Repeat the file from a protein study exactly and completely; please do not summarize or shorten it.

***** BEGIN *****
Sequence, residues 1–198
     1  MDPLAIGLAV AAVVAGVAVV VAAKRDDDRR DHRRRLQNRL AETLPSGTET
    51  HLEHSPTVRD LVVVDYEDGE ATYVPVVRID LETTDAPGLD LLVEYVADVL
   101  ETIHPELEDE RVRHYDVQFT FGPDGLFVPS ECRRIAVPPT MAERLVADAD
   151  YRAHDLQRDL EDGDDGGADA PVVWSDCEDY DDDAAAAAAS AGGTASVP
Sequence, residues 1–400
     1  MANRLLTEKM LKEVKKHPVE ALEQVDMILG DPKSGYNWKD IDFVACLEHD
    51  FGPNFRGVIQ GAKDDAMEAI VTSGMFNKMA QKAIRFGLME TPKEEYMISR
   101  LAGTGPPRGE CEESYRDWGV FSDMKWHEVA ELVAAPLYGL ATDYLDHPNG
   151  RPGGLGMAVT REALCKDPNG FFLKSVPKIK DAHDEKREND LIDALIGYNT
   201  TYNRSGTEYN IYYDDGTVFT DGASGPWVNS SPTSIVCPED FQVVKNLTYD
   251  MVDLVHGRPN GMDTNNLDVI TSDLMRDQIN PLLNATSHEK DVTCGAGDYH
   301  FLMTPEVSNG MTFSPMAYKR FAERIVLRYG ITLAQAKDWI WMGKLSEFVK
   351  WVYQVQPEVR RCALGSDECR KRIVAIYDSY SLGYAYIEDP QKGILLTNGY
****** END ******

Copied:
Sequence, residues 1–198
     1  MDPLAIGLAV AAVVAGVAVV VAAKRDDDRR DHRRRLQNRL AETLPSGTET
    51  HLEHSPTVRD LVVVDYEDGE ATYVPVVRID LETTDAPGLD LLVEYVADVL
   101  ETIHPELEDE RVRHYDVQFT FGPDGLFVPS ECRRIAVPPT MAERLVADAD
   151  YRAHDLQRDL EDGDDGGADA PVVWSDCEDY DDDAAAAAAS AGGTASVP
Sequence, residues 1–400
     1  MANRLLTEKM LKEVKKHPVE ALEQVDMILG DPKSGYNWKD IDFVACLEHD
    51  FGPNFRGVIQ GAKDDAMEAI VTSGMFNKMA QKAIRFGLME TPKEEYMISR
   101  LAGTGPPRGE CEESYRDWGV FSDMKWHEVA ELVAAPLYGL ATDYLDHPNG
   151  RPGGLGMAVT REALCKDPNG FFLKSVPKIK DAHDEKREND LIDALIGYNT
   201  TYNRSGTEYN IYYDDGTVFT DGASGPWVNS SPTSIVCPED FQVVKNLTYD
   251  MVDLVHGRPN GMDTNNLDVI TSDLMRDQIN PLLNATSHEK DVTCGAGDYH
   301  FLMTPEVSNG MTFSPMAYKR FAERIVLRYG ITLAQAKDWI WMGKLSEFVK
   351  WVYQVQPEVR RCALGSDECR KRIVAIYDSY SLGYAYIEDP QKGILLTNGY